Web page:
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The Importance of Estate Planning

by Robert S. Lewis, Esq. and Yasmeen S. Khaleel, Esq.

This article was prepared by Robert S. Lewis, Esq. and Yasmeen S. Khaleel, Esq.(pictured), a Shareholder in Capehart Scatchard‘s Business and Trust & Estate Group, and a member of Samaritan’s Planned Giving Committee, a volunteer group of the region’s leading financial professionals, lending their time and expertise to guide the charitable estate planning efforts.

The essence of estate planning is to pre-plan your affairs so that upon disability your affairs can be effectively handled without interruption or court supervision; and that upon your death the fruits of your lifetime of effort can pass to your intended beneficiaries with minimum inconvenience, taxes and cost. At least three documents are recommended to accomplish these objectives –

  • a Will,
  • a Durable General Power of Attorney
  • and a Durable Health Care Power of Attorney (also called a Medical Directive or a Living Will).

In an attempt to impress upon you the reader the importance of planning your estate now, before death or disability force you and your family to react without having a plan in place and under emotional stress, we offer the following to illustrate the “plan” which New Jersey law would impose. We call it . . .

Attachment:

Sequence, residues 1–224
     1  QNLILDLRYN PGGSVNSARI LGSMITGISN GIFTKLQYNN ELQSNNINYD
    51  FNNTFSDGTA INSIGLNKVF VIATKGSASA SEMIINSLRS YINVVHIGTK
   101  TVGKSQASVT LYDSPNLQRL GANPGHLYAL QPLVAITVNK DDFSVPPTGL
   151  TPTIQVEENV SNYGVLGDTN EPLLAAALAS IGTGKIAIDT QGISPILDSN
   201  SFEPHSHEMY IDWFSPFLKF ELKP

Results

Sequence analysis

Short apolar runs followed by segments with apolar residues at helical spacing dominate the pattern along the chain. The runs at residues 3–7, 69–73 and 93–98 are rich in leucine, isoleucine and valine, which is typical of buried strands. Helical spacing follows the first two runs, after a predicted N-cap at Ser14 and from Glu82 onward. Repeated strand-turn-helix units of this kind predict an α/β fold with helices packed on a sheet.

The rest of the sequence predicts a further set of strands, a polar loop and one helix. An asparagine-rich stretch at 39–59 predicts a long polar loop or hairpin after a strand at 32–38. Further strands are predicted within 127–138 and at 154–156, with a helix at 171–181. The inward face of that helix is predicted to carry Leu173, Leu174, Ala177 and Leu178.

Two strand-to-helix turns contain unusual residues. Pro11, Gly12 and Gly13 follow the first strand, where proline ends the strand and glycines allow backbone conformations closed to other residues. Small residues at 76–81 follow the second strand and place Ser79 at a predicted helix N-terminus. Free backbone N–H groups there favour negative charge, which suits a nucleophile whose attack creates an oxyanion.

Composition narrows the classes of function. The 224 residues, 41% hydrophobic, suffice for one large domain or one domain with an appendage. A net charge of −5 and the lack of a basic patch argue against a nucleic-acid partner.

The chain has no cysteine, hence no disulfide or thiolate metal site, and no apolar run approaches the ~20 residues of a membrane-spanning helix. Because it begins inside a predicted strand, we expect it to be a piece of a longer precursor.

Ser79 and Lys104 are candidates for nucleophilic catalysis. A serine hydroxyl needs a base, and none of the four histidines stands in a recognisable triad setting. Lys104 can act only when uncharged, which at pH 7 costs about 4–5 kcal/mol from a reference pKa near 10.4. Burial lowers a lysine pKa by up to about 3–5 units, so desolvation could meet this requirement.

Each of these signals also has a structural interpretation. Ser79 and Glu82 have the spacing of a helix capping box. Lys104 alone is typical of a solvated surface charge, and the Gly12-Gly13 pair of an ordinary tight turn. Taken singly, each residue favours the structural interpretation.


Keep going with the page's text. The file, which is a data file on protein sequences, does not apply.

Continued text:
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THE NO-PLAN ESTATE PLAN

I, JOHN DOE, am healthy and believe myself invincible; it is incomprehensible to me that I will be seriously injured or be stricken with a serious or life-threatening illness or medical emergency, let alone that I will ever die. By virtue of this philosophy I make no plans for such eventualities, being certain that neither a Will, nor a Durable General Power of Attorney nor a Living Will (medical directive) will ever be needed. I therefore do not have to concern myself with the possible consequences of such inactivity, that is to say:

  1. If I become disabled no one will have access to my individually-owned assets to pay my bills or to handle my financial or business affairs, nor will anyone be able to sell or mortgage my jointly-held real estate, or make decisions regarding my retirement benefits, without first obtaining a Court guardianship and periodically accounting to the Court as to the manner in which my affairs were handled during my incapacity. The Probate Court costs, guardianship fees and legal fees incurred in such proceedings are an excellent way for me to “fuel” the economy, and my loved ones won’t really need that money anyway.